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NEI Energy Markets Report (November 27th - December 1st)

Here's a summary of what went on in the energy markets last week:

Electricity prices mostly increased throughout the country last week (see pages 1 & 2). Gas prices rose at the Henry Hub increasing $0.41 to $7.81 / MMBtu (see page 4).

From 2006-2010, the current capacities in the pipeline coming into operation are 51,442 MW for natural gas; 36,853 MW for coal; and 24,791 MW for wind (see page 8).

The Energy Information Administration released its reference case for their Annual Energy Outlook 2007 this week. According to the report, “total operable nuclear generating capacity will grow to 112.6 gigawatts in 2030, including 3 gigawatts of additional capacity uprates, and 12.5 gigawatts of new capacity stimulated in part by EPACT2005 tax credits and rising fossil fuel prices.”

For the podcast click here. For the report click here (pdf). It is also located on NEI's Nuclear Statistics webpage.

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Anonymous said…
This post is interesting, noting that EIA expects 24 GW of new wind capacity by 2010. But it's important to consider what the average capacity factor is for the 24 GW of new wind capacity that is expected to come on line, versus the coal and natural gas. The wind should be about 1/3 of the capacity factor of the coal and gas plants, so the actual amount of energy that this new wind capacity will create will be about 1/3 too. This makes the 24/3 = 8 GW of wind look pretty small compared to 51 GW of gas and 37 GW of coal expected to come on line by 2010.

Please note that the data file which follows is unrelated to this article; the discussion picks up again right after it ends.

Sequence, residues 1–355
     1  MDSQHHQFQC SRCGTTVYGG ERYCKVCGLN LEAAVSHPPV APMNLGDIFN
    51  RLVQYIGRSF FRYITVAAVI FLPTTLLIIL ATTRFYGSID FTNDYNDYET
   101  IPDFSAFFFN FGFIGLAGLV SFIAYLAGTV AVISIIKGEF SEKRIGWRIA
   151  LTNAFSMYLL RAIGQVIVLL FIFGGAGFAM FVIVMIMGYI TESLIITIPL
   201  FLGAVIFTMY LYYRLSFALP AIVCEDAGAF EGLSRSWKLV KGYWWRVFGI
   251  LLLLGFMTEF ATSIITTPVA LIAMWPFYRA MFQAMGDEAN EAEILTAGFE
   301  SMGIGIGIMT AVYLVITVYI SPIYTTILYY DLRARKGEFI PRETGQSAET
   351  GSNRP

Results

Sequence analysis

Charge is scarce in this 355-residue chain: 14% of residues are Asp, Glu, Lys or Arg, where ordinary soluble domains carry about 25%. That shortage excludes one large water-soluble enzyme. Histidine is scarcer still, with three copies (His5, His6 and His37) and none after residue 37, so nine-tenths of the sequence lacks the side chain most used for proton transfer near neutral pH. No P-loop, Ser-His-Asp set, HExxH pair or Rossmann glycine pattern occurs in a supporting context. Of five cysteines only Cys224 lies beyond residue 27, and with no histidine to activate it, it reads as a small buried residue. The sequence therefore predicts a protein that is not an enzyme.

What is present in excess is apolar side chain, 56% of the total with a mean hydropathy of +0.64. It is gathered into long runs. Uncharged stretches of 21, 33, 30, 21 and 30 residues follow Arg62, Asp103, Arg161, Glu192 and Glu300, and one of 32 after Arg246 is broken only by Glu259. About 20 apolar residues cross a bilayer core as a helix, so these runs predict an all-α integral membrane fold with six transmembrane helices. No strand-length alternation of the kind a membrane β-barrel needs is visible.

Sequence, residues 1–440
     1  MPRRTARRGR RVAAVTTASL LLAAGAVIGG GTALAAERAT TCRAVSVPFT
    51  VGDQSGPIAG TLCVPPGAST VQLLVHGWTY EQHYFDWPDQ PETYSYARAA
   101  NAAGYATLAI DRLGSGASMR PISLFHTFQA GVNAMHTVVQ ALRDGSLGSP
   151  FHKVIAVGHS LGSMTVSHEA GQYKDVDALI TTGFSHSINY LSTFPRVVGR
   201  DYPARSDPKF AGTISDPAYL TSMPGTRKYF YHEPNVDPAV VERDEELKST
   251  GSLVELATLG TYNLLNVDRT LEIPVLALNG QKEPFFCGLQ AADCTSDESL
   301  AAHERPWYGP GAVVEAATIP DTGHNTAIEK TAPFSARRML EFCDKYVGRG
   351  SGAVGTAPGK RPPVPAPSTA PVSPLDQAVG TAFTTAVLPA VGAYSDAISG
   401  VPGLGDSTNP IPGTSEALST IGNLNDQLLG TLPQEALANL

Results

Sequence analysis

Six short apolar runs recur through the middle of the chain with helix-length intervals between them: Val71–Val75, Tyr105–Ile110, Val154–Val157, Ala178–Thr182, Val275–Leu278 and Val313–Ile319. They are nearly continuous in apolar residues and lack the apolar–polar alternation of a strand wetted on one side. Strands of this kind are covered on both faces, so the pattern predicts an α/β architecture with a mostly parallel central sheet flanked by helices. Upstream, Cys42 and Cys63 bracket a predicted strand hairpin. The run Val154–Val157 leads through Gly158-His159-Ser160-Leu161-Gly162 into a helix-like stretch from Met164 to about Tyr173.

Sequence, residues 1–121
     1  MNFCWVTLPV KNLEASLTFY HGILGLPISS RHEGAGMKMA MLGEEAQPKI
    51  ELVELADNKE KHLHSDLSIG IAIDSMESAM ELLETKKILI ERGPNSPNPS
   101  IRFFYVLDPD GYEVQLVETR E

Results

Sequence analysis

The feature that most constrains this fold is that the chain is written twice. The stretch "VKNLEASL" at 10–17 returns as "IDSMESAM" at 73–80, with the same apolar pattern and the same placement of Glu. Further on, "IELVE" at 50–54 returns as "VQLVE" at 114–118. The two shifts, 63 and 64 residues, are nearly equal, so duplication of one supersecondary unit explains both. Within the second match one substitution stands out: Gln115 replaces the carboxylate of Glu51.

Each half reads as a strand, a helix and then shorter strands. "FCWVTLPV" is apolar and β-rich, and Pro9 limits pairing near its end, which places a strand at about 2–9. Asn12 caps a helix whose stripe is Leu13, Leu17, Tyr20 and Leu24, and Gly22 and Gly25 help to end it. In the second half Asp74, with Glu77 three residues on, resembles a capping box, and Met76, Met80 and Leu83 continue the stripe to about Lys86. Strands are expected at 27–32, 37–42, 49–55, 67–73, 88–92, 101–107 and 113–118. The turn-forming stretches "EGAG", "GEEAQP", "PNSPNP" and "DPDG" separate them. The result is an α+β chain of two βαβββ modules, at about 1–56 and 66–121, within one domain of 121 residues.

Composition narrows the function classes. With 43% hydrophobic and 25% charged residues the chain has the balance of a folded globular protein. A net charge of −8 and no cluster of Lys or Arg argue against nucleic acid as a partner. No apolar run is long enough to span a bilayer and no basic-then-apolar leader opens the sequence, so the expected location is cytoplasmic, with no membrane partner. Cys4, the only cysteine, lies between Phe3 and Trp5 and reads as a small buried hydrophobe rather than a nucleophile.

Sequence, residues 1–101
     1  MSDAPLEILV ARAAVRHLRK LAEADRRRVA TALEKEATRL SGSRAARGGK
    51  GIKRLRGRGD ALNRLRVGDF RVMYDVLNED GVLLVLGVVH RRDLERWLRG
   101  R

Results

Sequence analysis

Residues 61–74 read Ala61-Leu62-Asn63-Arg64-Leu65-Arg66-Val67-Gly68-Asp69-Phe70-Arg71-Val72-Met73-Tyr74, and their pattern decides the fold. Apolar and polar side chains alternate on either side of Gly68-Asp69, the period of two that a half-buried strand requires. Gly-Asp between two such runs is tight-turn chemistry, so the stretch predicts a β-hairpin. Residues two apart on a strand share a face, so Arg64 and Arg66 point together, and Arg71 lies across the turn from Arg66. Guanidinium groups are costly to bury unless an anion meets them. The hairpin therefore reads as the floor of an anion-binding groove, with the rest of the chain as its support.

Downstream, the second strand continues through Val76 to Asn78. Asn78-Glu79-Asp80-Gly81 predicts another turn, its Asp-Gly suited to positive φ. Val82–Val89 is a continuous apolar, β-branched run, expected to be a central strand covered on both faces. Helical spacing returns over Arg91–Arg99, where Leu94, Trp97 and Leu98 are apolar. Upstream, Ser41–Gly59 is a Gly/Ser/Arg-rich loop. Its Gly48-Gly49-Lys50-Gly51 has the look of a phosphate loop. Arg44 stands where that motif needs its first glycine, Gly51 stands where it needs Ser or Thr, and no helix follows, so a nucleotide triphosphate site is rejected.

Alex Brown said…
Your point about the wind having a much lower capacity factor than coal is valid, but the same is not true about the gas plants. Not knowing where and of what type they are it is hard to know exactly what their capacity factors will be. However, looking at the area I know about: the southeat, combined cycle natural gas plants had ~8% capacity factors and gas turbine plants had ~1% capacity factor. So in fact the gas plants could very well be producing MUCH LESS energy than the wind plants depending on how they are employed. Gas turbines are often run for only a few hours a day on the hottest days of the year. Comined cycle plants run more, but they still arent producing power at night or during the spring/fall when it isn't in high demand.

It also of course shows how alot more knowledge of the subject is needed in order to evaluate the economics of a power source. For example TVA just paid ~90 million for 1000 MW of gas turbine capacity. The same amount of power will be produce by Brown's Ferry 1, but that is costing 1.8 Billion. The fact that the nuke plant costs 20 times as much per megawatt is easily misrepresented as proving that nuke plants are too expensive. But those gas turbines will be producing power at a capacity factor 1/100th of the nuclear plant, so in fact the nuclear plant is much more economical (which of course is why it will run 24/7 while the gas plants havent run in 4 years).

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